Ground Laurel, Mayflower, Trailing Arbutus

Epigaea repens

Family: Ericaceae (er-ek-AY-see-ee) (Info)
Genus: Epigaea (ep-uh-JEE-uh) (Info)
Species: repens (REE-penz) (Info)
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Foliage Color:



Bloom Characteristics:

Unknown - Tell us

Water Requirements:

Requires consistently moist soil; do not let dry out between waterings

Where to Grow:

Grow outdoors year-round


under 6 in. (15 cm)


3-6 in. (7-15 cm)


USDA Zone 3a: to -39.9 C (-40 F)

USDA Zone 3b: to -37.2 C (-35 F)

USDA Zone 4a: to -34.4 C (-30 F)

USDA Zone 4b: to -31.6 C (-25 F)

USDA Zone 5a: to -28.8 C (-20 F)

USDA Zone 5b: to -26.1 C (-15 F)

USDA Zone 6a: to -23.3 C (-10 F)

USDA Zone 6b: to -20.5 C (-5 F)

USDA Zone 7a: to -17.7 C (0 F)

USDA Zone 7b: to -14.9 C (5 F)

USDA Zone 8a: to -12.2 C (10 F)

USDA Zone 8b: to -9.4 C (15 F)

USDA Zone 9a: to -6.6 C (20 F)

USDA Zone 9b: to -3.8 C (25 F)

Sun Exposure:

Partial to Full Shade


Unknown - Tell us

Bloom Color:

White/Near White

Bloom Time:

Mid Spring

Late Spring/Early Summer



Other details:

This plant may be considered a protected species; check before digging or gathering seeds

Soil pH requirements:

4.6 to 5.0 (highly acidic)

5.1 to 5.5 (strongly acidic)

5.6 to 6.0 (acidic)

Patent Information:


Propagation Methods:

Unknown - Tell us

Seed Collecting:

Unknown - Tell us


This plant has been said to grow in the following regions:

Panama City, Florida

Bar Harbor, Maine

Pownal, Maine

Cumberland, Maryland

Halifax, Massachusetts

Saint Helen, Michigan

West Branch, Michigan

Millersburg, Pennsylvania

Wilkes Barre, Pennsylvania

Blacksburg, Virginia

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Gardeners' Notes:


On Feb 27, 2016, Mitchella from Pownal, ME (Zone 5b) wrote:

I grew this plant from seed (from Gardens North); it required no pre-treatment, and germinated at nearly 100% in three weeks under lights (requires light; sow on surface.) Although an easy germinator, the seedlings are very tiny and need close watching as they must not dry out. I grew mine on in small trays inside the plastic boxes salad mix comes in; a clear plastic bag would work too. Sown in early March 2015, they were (barely) big enough by October to transplant some into a nursery bed and some into a small woodland garden. I also kept some in the plastic box outside over the winter; they did well and have now been moved into a cool bright spot in the barn. The nursery and garden plants are still under snow. Transplanting them, especially from the wild, is difficult; growing from ... read more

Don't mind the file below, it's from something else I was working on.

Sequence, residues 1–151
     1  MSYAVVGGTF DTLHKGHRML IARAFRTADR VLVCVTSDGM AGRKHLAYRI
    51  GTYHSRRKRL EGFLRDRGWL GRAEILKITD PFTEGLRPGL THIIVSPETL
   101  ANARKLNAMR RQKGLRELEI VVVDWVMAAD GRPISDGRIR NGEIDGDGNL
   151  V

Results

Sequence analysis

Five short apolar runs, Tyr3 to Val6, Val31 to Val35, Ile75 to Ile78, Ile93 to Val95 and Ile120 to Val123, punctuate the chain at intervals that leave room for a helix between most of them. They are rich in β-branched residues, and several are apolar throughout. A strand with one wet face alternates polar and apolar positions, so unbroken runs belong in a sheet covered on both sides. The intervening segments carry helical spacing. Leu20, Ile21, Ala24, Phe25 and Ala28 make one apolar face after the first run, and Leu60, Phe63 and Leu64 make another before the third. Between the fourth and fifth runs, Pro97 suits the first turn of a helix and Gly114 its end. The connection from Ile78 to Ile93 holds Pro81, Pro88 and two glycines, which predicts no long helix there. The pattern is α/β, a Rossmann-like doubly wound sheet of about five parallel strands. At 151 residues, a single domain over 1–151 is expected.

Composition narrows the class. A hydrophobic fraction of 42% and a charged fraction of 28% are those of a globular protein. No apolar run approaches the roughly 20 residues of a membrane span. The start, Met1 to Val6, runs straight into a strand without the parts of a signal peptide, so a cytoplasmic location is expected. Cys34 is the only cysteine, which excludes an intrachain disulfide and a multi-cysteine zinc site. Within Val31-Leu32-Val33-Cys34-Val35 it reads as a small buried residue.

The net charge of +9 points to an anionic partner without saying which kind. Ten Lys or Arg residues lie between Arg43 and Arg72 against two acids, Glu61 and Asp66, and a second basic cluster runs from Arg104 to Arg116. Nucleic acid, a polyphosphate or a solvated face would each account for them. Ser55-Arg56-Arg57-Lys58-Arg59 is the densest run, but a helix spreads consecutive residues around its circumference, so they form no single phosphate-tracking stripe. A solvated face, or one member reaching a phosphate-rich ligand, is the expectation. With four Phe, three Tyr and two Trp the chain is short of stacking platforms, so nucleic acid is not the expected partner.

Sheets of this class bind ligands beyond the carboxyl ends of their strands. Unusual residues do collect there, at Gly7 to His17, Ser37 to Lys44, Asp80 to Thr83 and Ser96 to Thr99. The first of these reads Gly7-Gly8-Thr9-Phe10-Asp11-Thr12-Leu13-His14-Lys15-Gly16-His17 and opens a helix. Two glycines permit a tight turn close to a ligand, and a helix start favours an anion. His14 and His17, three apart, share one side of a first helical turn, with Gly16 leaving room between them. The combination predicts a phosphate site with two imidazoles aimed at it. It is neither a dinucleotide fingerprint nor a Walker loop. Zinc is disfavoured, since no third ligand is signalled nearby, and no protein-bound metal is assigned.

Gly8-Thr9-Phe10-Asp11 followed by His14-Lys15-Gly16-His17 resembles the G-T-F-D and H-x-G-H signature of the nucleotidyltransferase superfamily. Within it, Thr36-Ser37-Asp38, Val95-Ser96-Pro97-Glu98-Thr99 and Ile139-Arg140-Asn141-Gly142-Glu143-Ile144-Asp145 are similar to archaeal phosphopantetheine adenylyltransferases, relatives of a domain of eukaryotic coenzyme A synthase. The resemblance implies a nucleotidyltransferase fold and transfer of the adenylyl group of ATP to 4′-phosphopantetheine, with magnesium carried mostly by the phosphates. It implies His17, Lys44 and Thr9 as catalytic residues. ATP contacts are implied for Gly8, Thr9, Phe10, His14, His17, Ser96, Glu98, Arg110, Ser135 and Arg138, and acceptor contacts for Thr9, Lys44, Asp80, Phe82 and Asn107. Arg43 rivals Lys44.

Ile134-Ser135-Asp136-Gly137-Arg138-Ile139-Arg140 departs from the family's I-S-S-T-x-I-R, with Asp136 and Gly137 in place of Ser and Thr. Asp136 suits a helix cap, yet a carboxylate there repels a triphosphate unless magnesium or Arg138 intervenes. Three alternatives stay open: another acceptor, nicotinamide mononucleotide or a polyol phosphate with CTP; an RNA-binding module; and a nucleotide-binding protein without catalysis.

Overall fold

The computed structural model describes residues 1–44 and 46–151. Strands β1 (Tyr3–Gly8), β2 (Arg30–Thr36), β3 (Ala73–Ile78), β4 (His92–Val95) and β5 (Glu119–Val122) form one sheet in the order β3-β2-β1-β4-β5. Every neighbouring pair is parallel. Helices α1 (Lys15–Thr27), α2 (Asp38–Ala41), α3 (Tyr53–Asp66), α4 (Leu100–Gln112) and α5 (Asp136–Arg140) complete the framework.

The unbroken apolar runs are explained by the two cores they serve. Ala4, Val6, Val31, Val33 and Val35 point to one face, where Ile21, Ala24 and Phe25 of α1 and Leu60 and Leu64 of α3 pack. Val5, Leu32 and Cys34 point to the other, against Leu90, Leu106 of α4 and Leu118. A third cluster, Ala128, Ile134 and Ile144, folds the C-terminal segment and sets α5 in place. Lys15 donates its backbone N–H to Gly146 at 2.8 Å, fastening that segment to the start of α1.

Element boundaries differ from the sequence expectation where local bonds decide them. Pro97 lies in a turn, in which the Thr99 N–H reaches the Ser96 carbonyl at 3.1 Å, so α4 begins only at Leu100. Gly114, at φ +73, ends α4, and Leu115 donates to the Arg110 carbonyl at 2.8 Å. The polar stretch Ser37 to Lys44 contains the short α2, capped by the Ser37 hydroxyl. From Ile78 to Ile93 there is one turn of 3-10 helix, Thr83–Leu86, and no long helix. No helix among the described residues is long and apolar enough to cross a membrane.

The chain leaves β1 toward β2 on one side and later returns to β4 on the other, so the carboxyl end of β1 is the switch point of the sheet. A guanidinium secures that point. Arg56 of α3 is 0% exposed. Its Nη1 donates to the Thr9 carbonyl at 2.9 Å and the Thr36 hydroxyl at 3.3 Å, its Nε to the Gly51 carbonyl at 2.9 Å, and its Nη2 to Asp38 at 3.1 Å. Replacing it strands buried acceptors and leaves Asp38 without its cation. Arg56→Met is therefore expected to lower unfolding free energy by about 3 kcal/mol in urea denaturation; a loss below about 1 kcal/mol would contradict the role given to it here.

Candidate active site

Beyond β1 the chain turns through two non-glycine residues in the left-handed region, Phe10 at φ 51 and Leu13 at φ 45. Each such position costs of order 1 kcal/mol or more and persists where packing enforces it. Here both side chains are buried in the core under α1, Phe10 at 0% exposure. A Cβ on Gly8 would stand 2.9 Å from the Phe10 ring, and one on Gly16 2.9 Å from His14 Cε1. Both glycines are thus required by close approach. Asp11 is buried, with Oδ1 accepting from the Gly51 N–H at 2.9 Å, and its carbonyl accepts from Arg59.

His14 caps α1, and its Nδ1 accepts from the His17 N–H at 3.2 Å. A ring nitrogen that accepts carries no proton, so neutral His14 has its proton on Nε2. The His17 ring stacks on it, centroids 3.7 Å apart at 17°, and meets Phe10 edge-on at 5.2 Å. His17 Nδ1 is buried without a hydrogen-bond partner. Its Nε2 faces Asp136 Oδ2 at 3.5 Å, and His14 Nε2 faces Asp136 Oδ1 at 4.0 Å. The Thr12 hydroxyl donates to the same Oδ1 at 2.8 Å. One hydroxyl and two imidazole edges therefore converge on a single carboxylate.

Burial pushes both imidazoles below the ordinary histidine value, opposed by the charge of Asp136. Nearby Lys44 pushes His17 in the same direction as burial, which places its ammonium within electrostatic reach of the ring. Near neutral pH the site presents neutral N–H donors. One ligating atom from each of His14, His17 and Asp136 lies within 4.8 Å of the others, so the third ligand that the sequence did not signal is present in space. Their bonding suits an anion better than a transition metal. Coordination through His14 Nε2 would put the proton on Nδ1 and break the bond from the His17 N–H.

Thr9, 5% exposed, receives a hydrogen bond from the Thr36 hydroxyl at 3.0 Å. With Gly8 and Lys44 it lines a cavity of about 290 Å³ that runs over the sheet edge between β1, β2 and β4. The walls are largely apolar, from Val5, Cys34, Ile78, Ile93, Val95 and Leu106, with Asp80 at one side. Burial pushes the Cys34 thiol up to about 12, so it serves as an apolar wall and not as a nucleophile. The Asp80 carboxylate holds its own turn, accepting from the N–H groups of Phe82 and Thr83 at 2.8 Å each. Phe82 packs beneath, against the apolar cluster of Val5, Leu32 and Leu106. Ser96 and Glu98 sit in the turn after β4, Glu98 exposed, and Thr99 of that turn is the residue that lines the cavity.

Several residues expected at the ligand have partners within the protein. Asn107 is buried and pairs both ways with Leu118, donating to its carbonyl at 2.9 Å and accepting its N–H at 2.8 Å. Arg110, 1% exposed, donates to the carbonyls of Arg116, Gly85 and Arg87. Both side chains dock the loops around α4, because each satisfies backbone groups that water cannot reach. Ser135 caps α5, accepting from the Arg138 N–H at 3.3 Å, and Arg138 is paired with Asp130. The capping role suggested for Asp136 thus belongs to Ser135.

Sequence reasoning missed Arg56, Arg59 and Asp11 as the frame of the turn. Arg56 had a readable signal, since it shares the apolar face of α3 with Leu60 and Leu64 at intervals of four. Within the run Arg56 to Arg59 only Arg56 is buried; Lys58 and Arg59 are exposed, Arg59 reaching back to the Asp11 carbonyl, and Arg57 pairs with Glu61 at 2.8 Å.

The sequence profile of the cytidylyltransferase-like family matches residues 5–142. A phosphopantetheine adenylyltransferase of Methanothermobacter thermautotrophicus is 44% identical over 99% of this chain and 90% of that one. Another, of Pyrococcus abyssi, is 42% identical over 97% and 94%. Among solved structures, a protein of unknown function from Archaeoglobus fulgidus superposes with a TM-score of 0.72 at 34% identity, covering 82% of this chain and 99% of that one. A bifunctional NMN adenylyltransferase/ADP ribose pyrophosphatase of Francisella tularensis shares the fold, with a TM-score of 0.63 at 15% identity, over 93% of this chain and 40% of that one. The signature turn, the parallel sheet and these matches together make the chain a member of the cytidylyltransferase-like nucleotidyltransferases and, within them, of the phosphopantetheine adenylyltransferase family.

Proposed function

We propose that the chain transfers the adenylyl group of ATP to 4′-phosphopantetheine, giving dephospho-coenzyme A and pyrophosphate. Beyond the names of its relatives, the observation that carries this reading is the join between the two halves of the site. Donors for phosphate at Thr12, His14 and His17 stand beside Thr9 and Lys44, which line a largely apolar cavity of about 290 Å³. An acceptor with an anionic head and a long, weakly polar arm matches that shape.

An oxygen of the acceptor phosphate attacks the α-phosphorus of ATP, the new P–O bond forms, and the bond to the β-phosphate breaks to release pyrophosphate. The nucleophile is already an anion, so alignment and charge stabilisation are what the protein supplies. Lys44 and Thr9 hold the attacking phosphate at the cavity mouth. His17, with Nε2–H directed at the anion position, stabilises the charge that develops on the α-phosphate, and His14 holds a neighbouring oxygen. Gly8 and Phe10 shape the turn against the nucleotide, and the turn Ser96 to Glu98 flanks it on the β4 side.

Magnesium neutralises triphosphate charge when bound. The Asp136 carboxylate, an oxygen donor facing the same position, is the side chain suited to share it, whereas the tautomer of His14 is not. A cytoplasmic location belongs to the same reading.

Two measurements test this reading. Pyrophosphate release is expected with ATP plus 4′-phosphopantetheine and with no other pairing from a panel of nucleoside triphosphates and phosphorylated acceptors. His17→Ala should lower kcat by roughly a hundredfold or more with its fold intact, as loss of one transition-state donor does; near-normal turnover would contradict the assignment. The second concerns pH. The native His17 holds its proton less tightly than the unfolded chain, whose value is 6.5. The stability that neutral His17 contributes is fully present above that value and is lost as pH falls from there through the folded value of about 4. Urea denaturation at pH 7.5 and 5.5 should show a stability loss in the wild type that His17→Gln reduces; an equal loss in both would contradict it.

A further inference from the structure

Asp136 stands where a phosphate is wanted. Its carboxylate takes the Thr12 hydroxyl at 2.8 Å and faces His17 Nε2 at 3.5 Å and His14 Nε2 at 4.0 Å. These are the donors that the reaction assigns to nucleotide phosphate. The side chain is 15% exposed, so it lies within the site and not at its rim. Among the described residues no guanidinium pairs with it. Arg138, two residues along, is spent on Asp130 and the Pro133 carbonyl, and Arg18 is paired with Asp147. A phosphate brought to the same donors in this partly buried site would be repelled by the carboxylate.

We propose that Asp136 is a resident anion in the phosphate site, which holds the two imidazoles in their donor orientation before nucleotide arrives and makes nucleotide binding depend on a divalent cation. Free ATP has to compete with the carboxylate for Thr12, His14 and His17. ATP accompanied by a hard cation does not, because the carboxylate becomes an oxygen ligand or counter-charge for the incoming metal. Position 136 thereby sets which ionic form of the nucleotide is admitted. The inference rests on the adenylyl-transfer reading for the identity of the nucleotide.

On Feb 20, 2011, BopMcK from Milton, MA wrote:

The New England Wild Flower Society Nasami Farm Nursery has been able to propagate this rare wildflower and offers them for sale in their 2011 perennial list:
They are native to Massachusetts, where the Nasami Farm Nursery is located, and are the state wildflower. I have not yet tried to grow them, but am looking forward to buying some.


On Dec 29, 2006, Camille2 from Bar Harbor, Maine,
United States wrote:

This plant is difficult to transplant from the wild. In 2005 I was given a small piece of Epigaea repens, which I planted in peaty soil in a shady spot in my Bar Harbor garden.
I would like very much to find a nursery where I could purchase more plants, possibly in better health than the one given to me.


On Dec 11, 2004, smiln32 from Oklahoma City, OK (Zone 7a) wrote:

Difficult to transplant as the roots are tempermental. There is a cultivar that has double flowers, too. It's named "Plena"


On May 18, 2003, CindyLouhoo wrote:

This plant seems to like acidic soil, grows near pine trees in places that have moss growing in the vicinity. They don't really raise up from the ground but just crawl along it. The flowers are definitely more pink than white, but do shade to white toward the centers. As they age, they seem to get more pale. The fragrance of the flowers is heavenly.
They are supposedly very difficult to grow. These were found at our camp in central Pennsylvania, where they are quite plentiful.


On Sep 3, 2001, mystic from Ewing, KY (Zone 6a) wrote:

This is a woody,low growing and evergreen shrub that creeps along the ground. It doesn't get but about 2 inches tall. The stems are hairy.The leaves are alternate,rough and leathery and the underside is hairy. The flowers are very fragrant and pinkish white.The fruit is a five sided,berry like capsule that splits showing tiny seeds in a white pulp.This is one of the earliest spring wildflowers to bloom.Usually found in sandy or rocky woods especially with acid soil.

This name(Mayflower)is said to date back to the Pilgrims, who found it plentiful around Plymouth,Massachusetts,and the first bloom to assure them that their first terrible winter was over. John Greenleaf Whittier wrote a poem,"The Mayflowers," that captures the timeless lure of this wildflower. As the name of the... read more